Paolo Uccello’s early life is somewhat unclear, scholars believe that he was born circa 1397 in Pratovecchio, Italy, and his real name was Paolo di Dono. His first documented apprenticeship was under the famous sculptor Lorenzo Ghiberti, from 1412 until 1416. Ghiberti’s workshop was the most distinguished center for Florentine art production at the time. This period was also when Paolo began his friendship with Donatello, which they cultivated for all their lives. By his 18 years, Paolo was accepted at the official Florentine painter’s guild, the Arte dei Medici e degli Speziali. Uccello remained on good terms with his master, despite him leaving his workshop by the mid-1420s.
According to Giorgio Vasari, Uccello's reputation began to rise due to his expertly crafted perspective and his craftsmanship on creating illusions of space. The best example is his Annunciation, featuring a large building with its columns in perspective. This artwork would become a model to follow, regarding using perspective as a powerful composition tool.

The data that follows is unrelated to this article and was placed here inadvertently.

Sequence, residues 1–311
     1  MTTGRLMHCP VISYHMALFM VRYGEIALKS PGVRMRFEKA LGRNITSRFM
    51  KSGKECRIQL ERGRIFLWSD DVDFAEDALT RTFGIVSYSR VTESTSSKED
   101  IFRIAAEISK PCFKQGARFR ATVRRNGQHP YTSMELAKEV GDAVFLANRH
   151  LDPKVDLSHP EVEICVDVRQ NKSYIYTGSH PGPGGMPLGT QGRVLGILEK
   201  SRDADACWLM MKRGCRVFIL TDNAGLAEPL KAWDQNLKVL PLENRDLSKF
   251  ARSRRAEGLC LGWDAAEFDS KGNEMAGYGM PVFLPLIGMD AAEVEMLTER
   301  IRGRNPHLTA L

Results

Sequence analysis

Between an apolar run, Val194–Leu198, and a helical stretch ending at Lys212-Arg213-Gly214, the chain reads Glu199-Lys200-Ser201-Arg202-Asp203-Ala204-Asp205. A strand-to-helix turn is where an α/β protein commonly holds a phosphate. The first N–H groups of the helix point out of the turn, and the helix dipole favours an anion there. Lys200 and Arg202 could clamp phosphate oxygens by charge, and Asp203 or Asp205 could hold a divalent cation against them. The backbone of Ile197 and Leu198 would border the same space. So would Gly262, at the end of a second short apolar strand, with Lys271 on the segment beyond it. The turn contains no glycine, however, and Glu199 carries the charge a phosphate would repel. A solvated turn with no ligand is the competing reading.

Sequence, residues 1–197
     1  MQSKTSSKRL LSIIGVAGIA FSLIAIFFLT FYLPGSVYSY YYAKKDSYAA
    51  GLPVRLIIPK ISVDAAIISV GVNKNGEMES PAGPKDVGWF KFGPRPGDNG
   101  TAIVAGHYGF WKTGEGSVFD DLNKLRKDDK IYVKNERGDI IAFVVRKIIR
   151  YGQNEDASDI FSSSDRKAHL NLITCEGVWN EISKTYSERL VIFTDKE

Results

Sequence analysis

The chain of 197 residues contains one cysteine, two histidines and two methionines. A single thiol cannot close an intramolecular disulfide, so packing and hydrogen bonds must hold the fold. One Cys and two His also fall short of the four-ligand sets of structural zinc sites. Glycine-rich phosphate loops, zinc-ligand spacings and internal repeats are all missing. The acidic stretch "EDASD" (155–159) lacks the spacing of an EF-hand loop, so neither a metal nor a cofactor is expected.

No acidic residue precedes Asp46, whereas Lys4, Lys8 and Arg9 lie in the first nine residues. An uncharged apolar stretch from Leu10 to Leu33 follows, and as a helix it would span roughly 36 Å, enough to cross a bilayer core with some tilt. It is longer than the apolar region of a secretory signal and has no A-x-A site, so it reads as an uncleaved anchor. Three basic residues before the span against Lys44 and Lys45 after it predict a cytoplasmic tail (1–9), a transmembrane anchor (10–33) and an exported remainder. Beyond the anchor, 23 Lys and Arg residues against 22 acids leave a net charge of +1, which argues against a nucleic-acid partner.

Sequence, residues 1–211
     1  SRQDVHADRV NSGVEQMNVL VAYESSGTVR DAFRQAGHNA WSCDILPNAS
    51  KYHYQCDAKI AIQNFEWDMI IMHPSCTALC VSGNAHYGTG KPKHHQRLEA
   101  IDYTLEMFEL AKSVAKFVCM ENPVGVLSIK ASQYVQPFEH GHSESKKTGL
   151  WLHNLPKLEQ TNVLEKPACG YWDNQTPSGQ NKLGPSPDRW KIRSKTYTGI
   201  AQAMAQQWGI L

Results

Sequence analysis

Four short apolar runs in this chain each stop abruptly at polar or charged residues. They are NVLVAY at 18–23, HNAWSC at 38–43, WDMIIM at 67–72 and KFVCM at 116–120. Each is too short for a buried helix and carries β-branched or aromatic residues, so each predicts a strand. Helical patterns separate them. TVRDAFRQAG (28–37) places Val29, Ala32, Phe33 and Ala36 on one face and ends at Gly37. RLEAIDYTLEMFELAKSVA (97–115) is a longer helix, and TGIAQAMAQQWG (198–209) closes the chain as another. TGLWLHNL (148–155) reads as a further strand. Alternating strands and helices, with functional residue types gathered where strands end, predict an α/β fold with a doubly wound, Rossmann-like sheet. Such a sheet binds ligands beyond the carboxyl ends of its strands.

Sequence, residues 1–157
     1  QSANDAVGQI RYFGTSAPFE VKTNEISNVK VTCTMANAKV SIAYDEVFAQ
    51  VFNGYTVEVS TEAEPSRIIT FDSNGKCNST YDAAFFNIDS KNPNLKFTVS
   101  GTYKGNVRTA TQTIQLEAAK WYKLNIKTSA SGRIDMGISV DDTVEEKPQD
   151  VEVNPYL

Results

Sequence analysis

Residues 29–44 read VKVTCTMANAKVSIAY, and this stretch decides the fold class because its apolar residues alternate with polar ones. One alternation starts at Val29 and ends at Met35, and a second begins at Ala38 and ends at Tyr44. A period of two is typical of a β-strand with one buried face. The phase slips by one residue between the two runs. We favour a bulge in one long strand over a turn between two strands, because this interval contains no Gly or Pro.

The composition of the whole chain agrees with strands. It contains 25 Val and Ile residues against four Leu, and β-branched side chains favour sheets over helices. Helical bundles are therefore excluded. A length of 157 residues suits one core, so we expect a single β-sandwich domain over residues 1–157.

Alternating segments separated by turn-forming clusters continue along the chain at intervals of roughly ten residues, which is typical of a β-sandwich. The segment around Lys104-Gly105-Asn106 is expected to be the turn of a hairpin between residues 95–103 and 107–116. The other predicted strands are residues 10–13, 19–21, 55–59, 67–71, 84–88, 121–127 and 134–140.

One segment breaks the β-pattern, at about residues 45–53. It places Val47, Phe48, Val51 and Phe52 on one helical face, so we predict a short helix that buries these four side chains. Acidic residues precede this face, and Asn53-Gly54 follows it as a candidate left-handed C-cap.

Uccello was asked to execute a number of animal paintings for the powerful House of Medici. Uccello was very fond of painting animals and kept a wide variety of animal pictures, especially of birds. His love for birds gave origin to his nickname Paolo Uccelli, meaning Paul of the Birds.
By 27 years old, Uccello was already established and making his living as a painter. During several years, the artist completed several commissions, mostly frescoes, and many stained glass designs. In 1445, the artist returned to the city of Padua, under the invitation of Donatello.
Upon his return to Florence in 1446, the artist painted Green Stations of the Cross, once again for the church of Santa Maria Novella. From around 1447 to 1454, the artist executed Scenes of Monastic Life. By the mid-150s, Uccello created three of his most celebrated frescoes, the panels representing The Battle of San Romano for the Palazzo Medici.
By 1453, the artist married Tommasa Malifici, the same year his son Donato was born, named after Donatello. His daughter Antonia became a Carmelite nun, and documents suggest that she was also a skilled painter. However, her artworks and style are still unknown.